How to Write an "Earworm" Hit!

This is my nephew when he was about 3 years olds, who appears to be really enjoying the song that he's listening to. Now will this song be forgotten until he hears it the next time or will it creep up in his mind and play over and over again after the headphones are removed? 

In my 1 year experience in writing, recording and performing, I have learned so much about myself as a musician and as a person. What I am continuously learning and will always be chasing after is knowing how to cater to my listeners. How to practice empathy and ask, what do they want to hear? What will capture their attention? How do I write my next melody line that will leave them wanting more? How do I get my songs stuck in their heads? 

There are songs that instills such great catharsis that we are literally addicted to them. There are those songs that we just can't stand yet can't get out of our heads. Regardless if you love or hate the song the common denominator is that emotions are involved - music then becomes more about the instrumentation. Music triggers so many different parts of our brains that triggers meaningful moments and memories and powerful emotions associated with these moments. When a section of a song runs continuously in your mind even after it is no longer being played, you are experiencing "The Earworm Effect" or involuntary musical imagery (INMI).

According to a CNN study, Lady Gaga dominates the "earworm" UK charts. Songs like "Poker Face", "Bad Romance" and "Alejandro" are not per say my favourite songs but have they been running through my mind over and over again. Another one that definitely stuck with me for months (I kid you not!) was Kylie Minogue's "Can't Get You Out of My Head" - no pun intended!




As a songwriter, I aim to write good songs that people can identify with in life. I aim to write songs that hold meaning and come from deep emotions. But I also think that every songwriter aim to write songs that gets stuck in their listeners' heads - that way by default it creates curiosity and people wants to know more about the musician and in turn want to listen to more music by that artist! 

By all means I am no expert on telling you which components are absolutely needed to create the "earworm" hit. But what I can infer through my current experiences through collaborating with local producers writing my Connections EP, my new LP album coming out late spring/early summer, conversations with fellow musicians, and my years of love for music, what I believe could be some of the common basis that make some songs more catchier than others. 

1) Not too complex, yet not too simple. We want listeners to be able to "recall" your song so following a common structure such as the ABABCB (A=Verse B=Chorus C=Bridge) allows listeners to remember more easily. I am horrible at this - I love to drag sections out, add extra sections and take different paths that even leads my producers astray and lost. 

2) The Catch. The structure has to be simple to enable for easy recollection BUT our attention span only has a certain length of time before we start to lose interest. Therefore songwriters and producers have to find something what I like to call "the catch" which are parts of a song that is different (can be a change in key, tempo, rhythm, production level) and catches the listeners' ears off guard but still retains the simple structure.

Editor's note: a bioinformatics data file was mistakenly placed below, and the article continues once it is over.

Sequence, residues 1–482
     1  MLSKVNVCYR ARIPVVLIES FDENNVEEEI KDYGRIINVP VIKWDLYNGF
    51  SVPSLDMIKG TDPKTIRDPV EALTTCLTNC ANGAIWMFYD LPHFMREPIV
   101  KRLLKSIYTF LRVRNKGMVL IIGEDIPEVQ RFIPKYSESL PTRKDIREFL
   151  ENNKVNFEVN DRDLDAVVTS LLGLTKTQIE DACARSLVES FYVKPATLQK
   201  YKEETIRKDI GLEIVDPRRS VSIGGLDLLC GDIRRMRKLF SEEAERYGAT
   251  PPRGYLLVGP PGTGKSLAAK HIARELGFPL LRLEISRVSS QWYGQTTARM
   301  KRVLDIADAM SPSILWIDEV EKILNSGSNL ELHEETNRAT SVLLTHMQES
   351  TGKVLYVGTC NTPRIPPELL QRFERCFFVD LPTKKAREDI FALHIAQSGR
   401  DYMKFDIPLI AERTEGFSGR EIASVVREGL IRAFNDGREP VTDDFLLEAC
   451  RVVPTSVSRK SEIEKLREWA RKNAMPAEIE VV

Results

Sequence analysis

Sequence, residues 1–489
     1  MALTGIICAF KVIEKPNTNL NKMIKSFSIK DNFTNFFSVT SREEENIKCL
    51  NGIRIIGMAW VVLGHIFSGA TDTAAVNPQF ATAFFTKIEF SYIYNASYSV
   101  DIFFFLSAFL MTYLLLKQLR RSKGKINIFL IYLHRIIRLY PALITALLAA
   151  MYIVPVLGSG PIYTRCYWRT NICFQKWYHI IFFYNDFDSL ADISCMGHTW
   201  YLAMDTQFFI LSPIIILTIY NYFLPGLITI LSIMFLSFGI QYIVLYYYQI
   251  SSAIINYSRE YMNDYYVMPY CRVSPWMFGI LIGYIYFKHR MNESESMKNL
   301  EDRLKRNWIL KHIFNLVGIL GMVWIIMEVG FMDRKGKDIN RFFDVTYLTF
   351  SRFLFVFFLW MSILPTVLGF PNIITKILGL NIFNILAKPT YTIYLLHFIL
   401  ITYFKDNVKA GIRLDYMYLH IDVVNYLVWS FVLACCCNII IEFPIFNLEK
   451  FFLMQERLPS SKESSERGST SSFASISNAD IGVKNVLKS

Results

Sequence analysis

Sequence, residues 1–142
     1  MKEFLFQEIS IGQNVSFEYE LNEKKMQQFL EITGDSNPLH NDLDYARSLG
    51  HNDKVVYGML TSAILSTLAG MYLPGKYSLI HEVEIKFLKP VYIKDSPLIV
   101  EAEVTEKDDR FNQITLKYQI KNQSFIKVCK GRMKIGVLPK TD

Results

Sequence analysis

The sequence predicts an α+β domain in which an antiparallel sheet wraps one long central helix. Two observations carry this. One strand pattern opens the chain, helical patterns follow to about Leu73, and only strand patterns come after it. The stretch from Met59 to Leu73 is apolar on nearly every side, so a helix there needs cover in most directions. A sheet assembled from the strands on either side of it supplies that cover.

3) Simple, Melodic, Rhythmic Lines. Simple chord progressions plays a huge role in creating addictive songs. Similarly, a strong melodic line is what we tend to, as listeners retain. This catchy melody is usually more upbeat in tempo and follows a natural rise and fall rhythmic pattern. 

4) Simple Lyrics. This is my nemesis. For such a quiet and non-opinionated individual, I write extremely elaborate and difficult lyrics and try to squeeze them all within the confines of a 3-4 minute song. This is a very common feedback from my friends and producers and something I am having the most difficult time adapting to. I apparently have a lot to say which means I have a lot of material to create new songs but tend to want to pack it all up in one song.

The most catchy songs uses smaller amounts of words or words that are easy to remember, or phrases that are repeated. As a storyteller, I am learning to reserve more complicated words to verses but to keep my chorus/hook simplier so that my listeners can either hum the memorable melody line or sing the "catch phrase" of the song. For example, our very own Drake's latest "God's Plan" got me singing, "Yeah they wishin' and wishin' and wishin' and wishin' ". It's a HIT! 

I believe I may be improving because my single S.O.S (SOcial Support) that I released earlier this year apparently was an "earworm"! YASSS!! If you haven't already, check out my song and remember 100% of the proceeds generated through SOS will be donated to the Canadian Mental Health Association!


The take home message I get from this is: Understand how to wisely work the simplicity of the known into the unexpected so that the listeners will be drawn to the comfort of familiarity but also the excitement of the unknown to come. 

What are some of your "earworms" that's got you singing on replay? Leave your comments below!

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